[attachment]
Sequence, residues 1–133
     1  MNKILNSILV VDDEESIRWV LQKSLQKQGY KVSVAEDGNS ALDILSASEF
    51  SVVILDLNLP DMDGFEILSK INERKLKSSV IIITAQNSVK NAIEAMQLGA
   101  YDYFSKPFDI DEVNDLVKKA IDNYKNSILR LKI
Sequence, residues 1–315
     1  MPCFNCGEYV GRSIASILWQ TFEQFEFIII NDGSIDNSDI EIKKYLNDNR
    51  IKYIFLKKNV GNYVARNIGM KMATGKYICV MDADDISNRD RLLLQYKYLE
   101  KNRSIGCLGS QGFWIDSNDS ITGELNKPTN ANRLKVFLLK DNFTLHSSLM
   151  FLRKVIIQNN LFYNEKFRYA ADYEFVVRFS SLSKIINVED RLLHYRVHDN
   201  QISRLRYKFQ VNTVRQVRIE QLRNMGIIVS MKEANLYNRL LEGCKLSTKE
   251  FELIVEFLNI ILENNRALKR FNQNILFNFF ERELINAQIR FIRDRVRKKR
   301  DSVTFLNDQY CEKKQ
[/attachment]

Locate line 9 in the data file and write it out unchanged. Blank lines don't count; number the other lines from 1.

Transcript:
   151  FLRKVIIQNN LFYNEKFRYA ADYEFVVRFS SLSKIINVED RLLHYRVHDN